There is no good way to engage in a Twitter debate with an American hero, so I don’t. In my mind, I reflect on the fact that the crew of Apollo 11 spent eight days in space, traveling half a million miles; by the time I’m done I will have spent a total of 520 days in space and will have traveled over two hundred million miles, the equivalent of going to Mars and back. Only later, when the Twitter chat is over, do I have the chance to reflect that I just experienced being trolled, in space, by the second man on the moon, while also engaging in a Twitter conversation with the president. (pg 189)
It was impossible to stay angry or frustrated or anxious for very long when reading about Kelly spending a year orbiting the earth. Daily annoyances don’t compare to the wonder I feel when considering what that experience meant for Kelly, his family, and the world. (Before reading this book, I wasn’t aware of several facts: 1. Scott Kelly and his identical twin brother, Mark Kelly, are both astronauts. 2. After spending a year in space, Scott has provided scientists with invaluable information that is used to compare the effects of long term space flight down to the genetic level between himself and his brother. 3. Mark Kelly is married to Gabby Gifford, and the shooting which fortunately did not end her life took place while Scott was in space, which gave me a vastly different perspective on that event, as well as how intensely painful it must be – how huge a sacrifice is made on a personal level – by every person who goes into space.)
I received about twelve books for Christmas – books that I’ve been wanting to read for years – and yet I’m finding it difficult to start any of them. I keep going back and rereading portions of Endurance (the fact that this book shares a title with another I’ve been meaning to read, Endurance: Shackleton’s Incredible Voyage, is not lost on me). I find it grounding to read about the challenges and adventure of space travel and also find it comforting to think that, when spending a year orbiting the earth, there is also the mundane to consider. There are toilets to fix, repetitive menus, minor squabbles between crew mates. Space is magnificent space, and humans are, well, human, no matter where we go. That combination of the extraordinary and the flesh are unbelievably compelling. This is the book. This is my book of the year.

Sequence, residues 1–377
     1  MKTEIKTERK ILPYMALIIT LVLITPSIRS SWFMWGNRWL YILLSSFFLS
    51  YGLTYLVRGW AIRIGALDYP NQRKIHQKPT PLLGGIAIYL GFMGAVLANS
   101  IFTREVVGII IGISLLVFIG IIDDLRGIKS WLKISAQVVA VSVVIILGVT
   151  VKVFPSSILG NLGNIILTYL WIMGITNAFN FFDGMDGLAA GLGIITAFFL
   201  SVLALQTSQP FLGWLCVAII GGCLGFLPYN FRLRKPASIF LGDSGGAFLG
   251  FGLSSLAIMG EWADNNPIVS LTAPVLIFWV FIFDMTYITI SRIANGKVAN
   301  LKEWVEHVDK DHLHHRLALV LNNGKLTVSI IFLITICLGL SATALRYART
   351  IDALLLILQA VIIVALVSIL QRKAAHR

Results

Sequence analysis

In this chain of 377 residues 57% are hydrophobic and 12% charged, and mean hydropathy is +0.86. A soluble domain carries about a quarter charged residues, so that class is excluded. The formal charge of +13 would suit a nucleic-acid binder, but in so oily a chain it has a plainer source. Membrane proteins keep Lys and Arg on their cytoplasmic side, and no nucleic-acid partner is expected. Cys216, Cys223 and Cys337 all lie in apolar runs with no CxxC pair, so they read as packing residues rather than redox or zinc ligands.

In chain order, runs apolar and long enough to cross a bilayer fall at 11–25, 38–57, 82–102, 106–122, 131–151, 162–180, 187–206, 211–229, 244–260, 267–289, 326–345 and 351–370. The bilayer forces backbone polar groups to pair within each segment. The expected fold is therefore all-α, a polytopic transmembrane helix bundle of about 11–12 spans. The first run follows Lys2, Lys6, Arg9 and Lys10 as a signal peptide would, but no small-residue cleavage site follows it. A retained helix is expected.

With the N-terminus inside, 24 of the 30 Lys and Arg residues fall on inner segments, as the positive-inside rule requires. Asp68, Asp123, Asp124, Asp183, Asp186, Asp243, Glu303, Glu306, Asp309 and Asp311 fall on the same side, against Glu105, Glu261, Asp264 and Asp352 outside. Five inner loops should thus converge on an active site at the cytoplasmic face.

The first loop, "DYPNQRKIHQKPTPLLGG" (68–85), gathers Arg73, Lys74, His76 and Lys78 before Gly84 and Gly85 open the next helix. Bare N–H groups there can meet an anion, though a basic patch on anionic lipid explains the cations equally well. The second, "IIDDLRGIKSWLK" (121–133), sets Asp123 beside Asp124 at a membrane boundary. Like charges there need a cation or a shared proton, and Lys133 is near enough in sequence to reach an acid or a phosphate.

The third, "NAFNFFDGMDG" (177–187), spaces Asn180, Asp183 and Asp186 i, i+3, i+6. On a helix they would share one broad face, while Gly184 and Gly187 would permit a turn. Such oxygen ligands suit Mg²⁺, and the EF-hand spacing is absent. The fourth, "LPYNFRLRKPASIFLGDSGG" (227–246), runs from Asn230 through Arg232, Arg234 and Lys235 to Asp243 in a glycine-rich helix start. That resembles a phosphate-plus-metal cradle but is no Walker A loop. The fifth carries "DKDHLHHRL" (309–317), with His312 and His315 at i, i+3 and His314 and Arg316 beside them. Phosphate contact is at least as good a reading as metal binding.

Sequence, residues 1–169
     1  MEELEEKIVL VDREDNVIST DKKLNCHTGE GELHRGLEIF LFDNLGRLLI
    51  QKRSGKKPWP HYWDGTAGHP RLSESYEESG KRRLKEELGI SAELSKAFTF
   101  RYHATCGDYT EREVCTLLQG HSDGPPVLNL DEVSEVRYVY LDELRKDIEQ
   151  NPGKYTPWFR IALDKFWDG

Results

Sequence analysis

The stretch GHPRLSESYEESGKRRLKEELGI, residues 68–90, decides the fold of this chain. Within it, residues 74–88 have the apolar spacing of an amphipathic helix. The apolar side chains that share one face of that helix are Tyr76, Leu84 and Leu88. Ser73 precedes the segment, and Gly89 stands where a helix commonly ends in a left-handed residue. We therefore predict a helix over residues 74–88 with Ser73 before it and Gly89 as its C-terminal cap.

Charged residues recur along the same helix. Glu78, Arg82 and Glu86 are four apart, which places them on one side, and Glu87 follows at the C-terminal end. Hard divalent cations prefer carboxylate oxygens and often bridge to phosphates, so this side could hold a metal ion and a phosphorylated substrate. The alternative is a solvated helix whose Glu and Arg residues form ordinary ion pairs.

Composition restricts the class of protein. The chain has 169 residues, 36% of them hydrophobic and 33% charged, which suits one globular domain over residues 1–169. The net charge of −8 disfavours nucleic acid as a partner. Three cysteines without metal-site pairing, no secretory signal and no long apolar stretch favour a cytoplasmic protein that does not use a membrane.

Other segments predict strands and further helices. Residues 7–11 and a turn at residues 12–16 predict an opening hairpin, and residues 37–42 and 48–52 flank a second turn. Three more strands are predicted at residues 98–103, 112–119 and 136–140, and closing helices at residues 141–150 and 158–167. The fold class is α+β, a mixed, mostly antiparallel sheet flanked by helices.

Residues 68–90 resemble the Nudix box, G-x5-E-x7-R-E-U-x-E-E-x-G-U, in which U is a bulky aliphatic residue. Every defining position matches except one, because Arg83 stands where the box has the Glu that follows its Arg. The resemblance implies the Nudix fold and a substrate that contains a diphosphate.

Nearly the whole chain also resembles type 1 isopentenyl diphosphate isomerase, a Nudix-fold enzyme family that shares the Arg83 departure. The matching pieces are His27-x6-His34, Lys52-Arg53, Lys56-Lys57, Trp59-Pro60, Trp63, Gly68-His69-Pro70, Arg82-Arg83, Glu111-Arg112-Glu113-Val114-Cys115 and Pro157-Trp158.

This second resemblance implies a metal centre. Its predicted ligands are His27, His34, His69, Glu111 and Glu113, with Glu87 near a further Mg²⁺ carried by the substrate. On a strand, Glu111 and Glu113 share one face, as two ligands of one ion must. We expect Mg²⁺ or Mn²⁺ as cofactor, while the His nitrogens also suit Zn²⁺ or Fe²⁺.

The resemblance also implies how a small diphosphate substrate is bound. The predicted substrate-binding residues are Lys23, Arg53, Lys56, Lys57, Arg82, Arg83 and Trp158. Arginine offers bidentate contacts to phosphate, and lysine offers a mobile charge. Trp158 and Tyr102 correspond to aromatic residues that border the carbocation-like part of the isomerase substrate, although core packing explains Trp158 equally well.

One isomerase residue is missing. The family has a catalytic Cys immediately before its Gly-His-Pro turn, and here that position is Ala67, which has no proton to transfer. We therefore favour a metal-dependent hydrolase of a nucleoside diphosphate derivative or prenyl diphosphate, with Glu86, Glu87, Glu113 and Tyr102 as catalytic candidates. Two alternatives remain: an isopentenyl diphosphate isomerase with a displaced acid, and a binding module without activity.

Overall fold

Dressed and ready for breakfast, I open the door to my CQ. As I push against the back wall to float myself out, I accidentally kick loose a paperback book: Endurance: Shackleton’s Incredible Voyage by Alfred Lansing. I brought this book with me on my previous flight as well, and sometimes I flip through it after a long day and reflect on what these explorers went through almost exactly a hundred years before. They were stranded on ice floes for months at a time, forced to kill their dogs for food, and nearly froze to death in the biting cold. They hiked across mountains that had been considered impassable by explorers who were better equipped and not half starved. Remarkably, not a single member of the expedition was lost.
When I try to put myself in their place, I think the uncertainty must have been the worst thing. The doubt about their survival would be worse than the hunger and the cold. When I read about their experiences, I think about how much harder they had it than I do. Sometimes I’ll pick up the book specifically for that reason. If I’m inclined to feel sorry for myself because I miss my family or because I had a frustrating day or because the isolation is getting to me, reading a few pages about the Shackleton expedition reminds me that even if I have it hard up here in some ways, I’m certainly not going through what they did. (pg 76)